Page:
Taking collections one step further

Column by Esther MAcalady
Posted 6/2/20

Does your family have special collections? Maybe they collect tools, spare change, stamps, ornaments, seashells, or photos.  Young children also are drawn to collecting things. These collections …

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Taking collections one step further

Posted

Does your family have special collections? Maybe they collect tools, spare change, stamps, ornaments, seashells, or photos.  Young children also are drawn to collecting things. These collections can help them prepare for reading, math, and science.

Sharing Treasures

Gather the collection together. Spread them out.  Perhaps it’s a group of stuffed animals they line up by color, count, and name.  It may be toy cars, dolls, toy figures, books, or interesting stones. Collections need a special box, bag, or place to be together, so they are easily accessible for little hands to manage and handle.  

A collection can help children find what objects have in common and how they are different. Children need this skill to look at words and numbers very carefully. Talk about which ones are big, small, a certain color, rough or smooth. Which ones are favorites? Why? Which ones go together? Why? Collections lend themselves to patterning.  Can you make two red cars and then a blue one pattern from a pile of cars? This is fun with money, blocks, and beads too. 

Grands’ Treasures

With help, children may enjoy interviewing older people to find out about their collections. Help them to ask questions.” What is the collection? Why do you collect? May we see your collection?”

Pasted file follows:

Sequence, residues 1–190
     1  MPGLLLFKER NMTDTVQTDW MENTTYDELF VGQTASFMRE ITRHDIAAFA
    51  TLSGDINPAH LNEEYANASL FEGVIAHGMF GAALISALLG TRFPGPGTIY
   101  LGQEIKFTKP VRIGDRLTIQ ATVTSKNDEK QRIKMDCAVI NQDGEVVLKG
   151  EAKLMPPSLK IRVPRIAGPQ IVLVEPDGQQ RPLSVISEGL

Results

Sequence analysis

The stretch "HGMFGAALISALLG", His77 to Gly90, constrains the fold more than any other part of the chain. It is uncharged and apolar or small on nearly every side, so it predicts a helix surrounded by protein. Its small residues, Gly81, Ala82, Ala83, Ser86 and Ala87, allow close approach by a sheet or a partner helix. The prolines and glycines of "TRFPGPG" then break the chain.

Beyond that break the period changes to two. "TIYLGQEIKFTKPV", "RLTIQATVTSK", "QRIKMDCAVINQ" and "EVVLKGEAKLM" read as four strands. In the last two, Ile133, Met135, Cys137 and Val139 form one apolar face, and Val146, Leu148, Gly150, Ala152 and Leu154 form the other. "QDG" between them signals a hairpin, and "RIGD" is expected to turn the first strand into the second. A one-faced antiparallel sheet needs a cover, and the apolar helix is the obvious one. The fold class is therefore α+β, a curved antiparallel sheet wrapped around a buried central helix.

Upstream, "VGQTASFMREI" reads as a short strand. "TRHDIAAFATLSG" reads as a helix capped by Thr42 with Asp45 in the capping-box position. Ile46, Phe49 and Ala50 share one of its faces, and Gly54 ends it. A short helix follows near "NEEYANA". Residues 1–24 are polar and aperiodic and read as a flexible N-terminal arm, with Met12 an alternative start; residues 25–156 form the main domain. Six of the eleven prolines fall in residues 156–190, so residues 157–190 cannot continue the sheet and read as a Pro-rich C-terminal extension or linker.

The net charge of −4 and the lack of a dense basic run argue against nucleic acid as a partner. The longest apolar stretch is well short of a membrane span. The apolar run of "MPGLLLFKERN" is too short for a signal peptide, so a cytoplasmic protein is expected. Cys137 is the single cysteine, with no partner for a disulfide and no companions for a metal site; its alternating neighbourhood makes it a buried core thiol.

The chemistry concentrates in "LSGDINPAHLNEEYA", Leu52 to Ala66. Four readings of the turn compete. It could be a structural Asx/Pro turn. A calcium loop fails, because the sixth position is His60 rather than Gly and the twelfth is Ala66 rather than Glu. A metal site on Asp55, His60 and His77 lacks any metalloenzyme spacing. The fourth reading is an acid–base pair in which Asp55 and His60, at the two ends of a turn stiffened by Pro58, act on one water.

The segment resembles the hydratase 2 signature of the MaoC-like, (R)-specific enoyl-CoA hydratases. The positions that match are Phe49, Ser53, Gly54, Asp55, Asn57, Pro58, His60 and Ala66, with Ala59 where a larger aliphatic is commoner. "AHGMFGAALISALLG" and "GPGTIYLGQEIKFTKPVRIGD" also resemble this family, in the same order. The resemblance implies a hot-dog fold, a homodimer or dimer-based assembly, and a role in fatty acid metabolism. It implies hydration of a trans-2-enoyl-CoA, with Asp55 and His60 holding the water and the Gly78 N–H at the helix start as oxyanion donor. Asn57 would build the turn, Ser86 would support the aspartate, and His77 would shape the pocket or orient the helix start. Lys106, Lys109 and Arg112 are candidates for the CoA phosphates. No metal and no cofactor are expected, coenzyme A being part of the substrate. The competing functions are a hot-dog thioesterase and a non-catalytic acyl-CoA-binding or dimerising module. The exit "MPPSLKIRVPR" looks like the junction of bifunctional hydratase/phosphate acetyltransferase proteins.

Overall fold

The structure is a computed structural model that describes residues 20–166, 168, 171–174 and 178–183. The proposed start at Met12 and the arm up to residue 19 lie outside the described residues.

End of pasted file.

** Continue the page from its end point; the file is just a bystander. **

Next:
Help children by printing out simple sentences (one per page) for them to “read” based on the interviews. They may use pictures and memory or really read the words. Children can draw a picture for each sentence and make a little collections book.  For example: “Grandpa has a collection of tools. This is a hammer. This is a saw. Mom has a collection of flower photos. This is a yellow sunflower. This is a red rose.” Children can dictate a sentence for you to print about their own collection. Make a cover with a title, children’s names, and staple together.

Characteristics

Learning how to group things together, patterning and counting is important early math, and science skills. Talking together with adults about the properties of items and explaining why they like certain things builds language development and self confidence. Children will be expanding their speech and social skills by finding out about the collections of others.   Helping children read simple sentences made for them and drawing corresponding pictures will help build early reading, writing, and math skills.  If children go to preschool or early elementary grades, they can share the pictures or the collections book. They may be able to bring part of a collection for “Show and Tell” on Face time or Zoom.

Esther Macalady is a retired teacher, living in Golden. More Grandparents Teach Too information at www.grandparentsteachtoo.blogspot.com and at wnmufm.org/learningthroughtheseasons.

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